[This wine was drunk as a special birthday wine whilst on vacation in Madagascar earlier this month. I may have mistyped the name – I still haven’t found the picture I took of the label, so bear with me for now if I got it wrong!]
On the way into Antananarivo from the airport at Ivato, I somehow convinced our tour guide to stop the bus at a Jumbo hypermarket so that we could do some souvenir shopping. Unbelievably, there was an absolutely humongous wine selection available, so I grabbed the most expensive bottle of Madagascan wine I could find, hoping that it would turn out to be OK. Having already spent a week in country at the time, I’d drunk enough Madagascan wine to know that it was pretty dire, ranging from absolutely undrinkable (Ch. Verger) to not entirely awful if you were already kind of pissed on beer (Clos Malaza).
Anyhow, for just over £3, you can buy a bottle of Grand Cru d’Antsirabe’s very finest red wine, which is produced from 80+ year old vines growing a few hours south of Antananarivo, the capital. Here are the tasting notes I took at the time:
Very fruity on the nose, more at Hawaiian Punch than wine. A hint of camphor or perhaps allspice. With some time, fine wild strawberries. Thin with a nasty green edge… slightly tannic, astringent finish. Sort of a white pepper edge. Better as you drink it. “Kind of like a Beaujolais that’s gone off” – this from Jeremy, one of the Englishmen who made up the bulk of our tour group (we were the only Americans). Really, this isn’t bad. Quite an accomplishment to have made a wine of this quality given the circumstances.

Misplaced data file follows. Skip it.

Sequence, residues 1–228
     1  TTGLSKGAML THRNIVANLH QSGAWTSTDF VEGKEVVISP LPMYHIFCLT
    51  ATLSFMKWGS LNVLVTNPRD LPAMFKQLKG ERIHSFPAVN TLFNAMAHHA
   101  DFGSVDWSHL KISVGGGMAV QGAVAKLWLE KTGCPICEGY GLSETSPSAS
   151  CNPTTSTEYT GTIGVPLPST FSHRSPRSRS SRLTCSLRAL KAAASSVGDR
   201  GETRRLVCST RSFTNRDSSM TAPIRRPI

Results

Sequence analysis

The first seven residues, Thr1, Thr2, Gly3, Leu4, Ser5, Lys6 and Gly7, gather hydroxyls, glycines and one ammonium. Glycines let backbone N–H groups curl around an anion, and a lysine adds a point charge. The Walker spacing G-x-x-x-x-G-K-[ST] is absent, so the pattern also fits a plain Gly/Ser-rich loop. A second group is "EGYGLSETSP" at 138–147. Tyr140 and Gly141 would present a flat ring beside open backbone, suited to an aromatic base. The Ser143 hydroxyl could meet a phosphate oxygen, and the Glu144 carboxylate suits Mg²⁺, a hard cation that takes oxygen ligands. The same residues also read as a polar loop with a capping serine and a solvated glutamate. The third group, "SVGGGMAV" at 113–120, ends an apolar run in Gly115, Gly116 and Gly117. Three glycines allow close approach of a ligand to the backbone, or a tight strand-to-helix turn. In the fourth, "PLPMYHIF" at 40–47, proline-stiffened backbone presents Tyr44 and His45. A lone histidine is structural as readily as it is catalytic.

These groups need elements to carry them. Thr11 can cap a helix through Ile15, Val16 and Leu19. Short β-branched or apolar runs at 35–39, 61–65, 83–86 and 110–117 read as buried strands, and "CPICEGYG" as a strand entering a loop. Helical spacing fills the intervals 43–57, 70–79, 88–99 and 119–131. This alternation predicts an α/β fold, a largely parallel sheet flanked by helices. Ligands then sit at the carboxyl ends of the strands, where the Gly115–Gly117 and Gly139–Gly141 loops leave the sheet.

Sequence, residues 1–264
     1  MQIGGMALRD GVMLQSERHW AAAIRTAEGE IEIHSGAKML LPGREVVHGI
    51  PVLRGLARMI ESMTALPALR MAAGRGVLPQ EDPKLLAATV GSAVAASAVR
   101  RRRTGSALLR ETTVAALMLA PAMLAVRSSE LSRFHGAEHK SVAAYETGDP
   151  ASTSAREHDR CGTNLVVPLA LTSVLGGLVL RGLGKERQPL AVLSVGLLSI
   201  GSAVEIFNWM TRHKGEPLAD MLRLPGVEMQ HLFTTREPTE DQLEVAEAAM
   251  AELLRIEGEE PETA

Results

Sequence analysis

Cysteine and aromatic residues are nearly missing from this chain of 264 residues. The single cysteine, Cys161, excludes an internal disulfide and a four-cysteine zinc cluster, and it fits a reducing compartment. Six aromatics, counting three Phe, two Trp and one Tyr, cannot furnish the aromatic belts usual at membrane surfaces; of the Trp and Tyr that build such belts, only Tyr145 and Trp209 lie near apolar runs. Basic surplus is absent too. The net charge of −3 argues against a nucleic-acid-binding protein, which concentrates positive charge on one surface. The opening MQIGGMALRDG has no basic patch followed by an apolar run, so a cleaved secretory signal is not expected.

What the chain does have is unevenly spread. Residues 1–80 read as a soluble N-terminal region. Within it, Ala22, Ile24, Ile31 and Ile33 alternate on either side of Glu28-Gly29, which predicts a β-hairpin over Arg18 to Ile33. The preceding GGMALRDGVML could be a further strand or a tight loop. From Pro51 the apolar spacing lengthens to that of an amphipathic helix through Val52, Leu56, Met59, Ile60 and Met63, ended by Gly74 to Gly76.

After we finished the bottle, it was kind of fun to note that the bottle was as thin and light as bottles used to be back in the days of the USSR. I wonder where they bought the bottles? The cork itself was a short, but high quality agglomerate cork. The label was, well, ugly, surprisingly so given that the “regular’ Grand Cru d’Antsirabe bottles don’t look half bad (we had one with dinner at the Hotel de France in Tana later on that week).
All in all, this stuff was like a cheap Beaujolais and really not too bad. Still, if you’re going to Madagascar, don’t expect delicious local wines. Try the beer. Three Horses Beer Light isn’t bad.
Grand Cru d’Antsirabe
Price: 10,800 Madagascar ariary, or about $6.50 US
Date tasted: October 2008